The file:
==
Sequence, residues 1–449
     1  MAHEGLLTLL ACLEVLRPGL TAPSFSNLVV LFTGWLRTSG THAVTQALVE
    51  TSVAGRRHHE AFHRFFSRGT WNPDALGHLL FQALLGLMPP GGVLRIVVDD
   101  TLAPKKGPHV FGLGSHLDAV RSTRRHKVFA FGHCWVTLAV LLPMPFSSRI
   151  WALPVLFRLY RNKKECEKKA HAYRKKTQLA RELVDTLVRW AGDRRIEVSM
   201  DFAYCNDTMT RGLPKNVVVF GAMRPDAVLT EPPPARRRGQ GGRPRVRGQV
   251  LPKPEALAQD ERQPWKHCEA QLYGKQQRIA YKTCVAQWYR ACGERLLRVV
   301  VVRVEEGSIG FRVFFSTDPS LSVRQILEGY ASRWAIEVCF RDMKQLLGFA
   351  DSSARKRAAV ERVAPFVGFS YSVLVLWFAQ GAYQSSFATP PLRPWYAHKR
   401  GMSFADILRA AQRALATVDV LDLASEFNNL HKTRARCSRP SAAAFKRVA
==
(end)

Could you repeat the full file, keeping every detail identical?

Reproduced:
Sequence, residues 1–449
     1  MAHEGLLTLL ACLEVLRPGL TAPSFSNLVV LFTGWLRTSG THAVTQALVE
    51  TSVAGRRHHE AFHRFFSRGT WNPDALGHLL FQALLGLMPP GGVLRIVVDD
   101  TLAPKKGPHV FGLGSHLDAV RSTRRHKVFA FGHCWVTLAV LLPMPFSSRI
   151  WALPVLFRLY RNKKECEKKA HAYRKKTQLA RELVDTLVRW AGDRRIEVSM
   201  DFAYCNDTMT RGLPKNVVVF GAMRPDAVLT EPPPARRRGQ GGRPRVRGQV
   251  LPKPEALAQD ERQPWKHCEA QLYGKQQRIA YKTCVAQWYR ACGERLLRVV
   301  VVRVEEGSIG FRVFFSTDPS LSVRQILEGY ASRWAIEVCF RDMKQLLGFA
   351  DSSARKRAAV ERVAPFVGFS YSVLVLWFAQ GAYQSSFATP PLRPWYAHKR
   401  GMSFADILRA AQRALATVDV LDLASEFNNL HKTRARCSRP SAAAFKRVA